I ended the interview, and we walked back toward Ragtag’s door.
A woman in pink saw Wilson and said, “Man of the hour.”
“Thanks for coming,” he told her.
I ventured into the theater. Under the screen in Ragtag’s big theater were Bill and Gail Lennon, husband and wife, and Bill’s brother, Dan. The Lennon family members were some of the main subjects of the film. All three were singing, with Gail and Dan strumming on acoustic guitars. The second-to-last song of their roughly 20-minute set was “I’m an Old Cowhand” — I’m sure you know it; it goes “yippee-i-o-ki-ay, yippee-i-o-ki-ay.”
Gail sang the lyric, “I’m an old cowhand from the Rio Grande/And I come to town just to hear the band.” And then she added, talking, “And to see a pretty good movie, too.” That got a good laugh.
When the last chord from the Lennons faded, Tracy Lane, the executive director of Ragtag, introduced Wilson. He told the audience co-director Schnack and producer Nathan Truesdell, who both shared filming responsibilities, should be next to him. He reiterated what he’d told me about his two worlds colliding and how special that was for him. Then, the film began.
Now, I should be clear: the film is great, worthy of the praise no doubt. But I would be remiss if I didn’t say the crowd at Ragtag at 6 p.m. on Friday night seemed predisposed to love every second of it. They laughed at the funny parts (one subject is, as an audience member commented after the film, a “hoot”), gasped at the oh-my-god parts (such as the angry, anti-homosexuality text messages sent to a main person in the film, a gay man) and practically hear-heared at the righteous-liberal parts (Lennon family members are capital-D democrats, and damn proud of it).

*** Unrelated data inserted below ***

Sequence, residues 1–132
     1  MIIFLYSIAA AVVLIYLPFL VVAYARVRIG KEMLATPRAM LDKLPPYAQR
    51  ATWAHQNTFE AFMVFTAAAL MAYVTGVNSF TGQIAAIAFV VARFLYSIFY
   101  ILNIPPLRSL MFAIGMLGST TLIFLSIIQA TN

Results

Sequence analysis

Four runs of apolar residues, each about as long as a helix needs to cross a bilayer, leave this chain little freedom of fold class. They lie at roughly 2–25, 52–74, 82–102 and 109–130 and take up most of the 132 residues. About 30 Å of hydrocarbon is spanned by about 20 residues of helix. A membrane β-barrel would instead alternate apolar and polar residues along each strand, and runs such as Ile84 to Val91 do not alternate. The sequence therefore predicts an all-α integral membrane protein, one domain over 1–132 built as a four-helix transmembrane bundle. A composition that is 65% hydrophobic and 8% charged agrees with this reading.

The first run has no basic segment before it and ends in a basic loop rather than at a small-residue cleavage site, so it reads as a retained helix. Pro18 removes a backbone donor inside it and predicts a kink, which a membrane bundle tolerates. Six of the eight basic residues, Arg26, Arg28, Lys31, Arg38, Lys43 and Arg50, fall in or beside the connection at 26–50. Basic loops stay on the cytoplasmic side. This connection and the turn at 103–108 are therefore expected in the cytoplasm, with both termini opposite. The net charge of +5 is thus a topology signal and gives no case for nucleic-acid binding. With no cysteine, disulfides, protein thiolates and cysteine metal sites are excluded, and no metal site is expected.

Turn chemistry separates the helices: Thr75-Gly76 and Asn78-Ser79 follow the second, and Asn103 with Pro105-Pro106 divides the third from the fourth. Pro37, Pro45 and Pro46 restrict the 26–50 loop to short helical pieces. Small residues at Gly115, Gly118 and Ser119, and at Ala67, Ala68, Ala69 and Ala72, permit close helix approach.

There was a Q&A with Wilson, Presley and Dan Lennon after the showing. Bill and Gail had to leave after their set. The trio fielded questions for a little more than 20 minutes. A common theme was how real the film makes Branson. In most people’s imaginations, the town is kitschy, a Las Vegas for your grandma. And you bet Bransonites are aware of it. That’s why the people in the doc were hesitant to have a camera follow them around. Why did they do it, then?
“We realized [the filmmakers] didn’t want to do a story on ‘Hillbilly Disneyland,’” Dan Lennon said at the Q&A. And, you can be sure, they did not.
I want to leave you, dear reader, with a moment that came before the Q&A, though, a moment I think, albeit based on my limited time with him, is representative of Wilson. As the film ended and Wilson took his place under the screen, he received a standing O. He had put on the red, white and blue jacket with tassels Presley had given him. The jackets are staples of the Presley family show in Branson. (You can see a picture of it by clicking on the link to my making-of story from last fall.)
The clapping receded, and the audience sat down. Wilson took the microphone off its stand.
“I knew it was a nice jacket, but ….”
Have you seen We Always Lie to Strangers? What are your thoughts? Share in the comments below.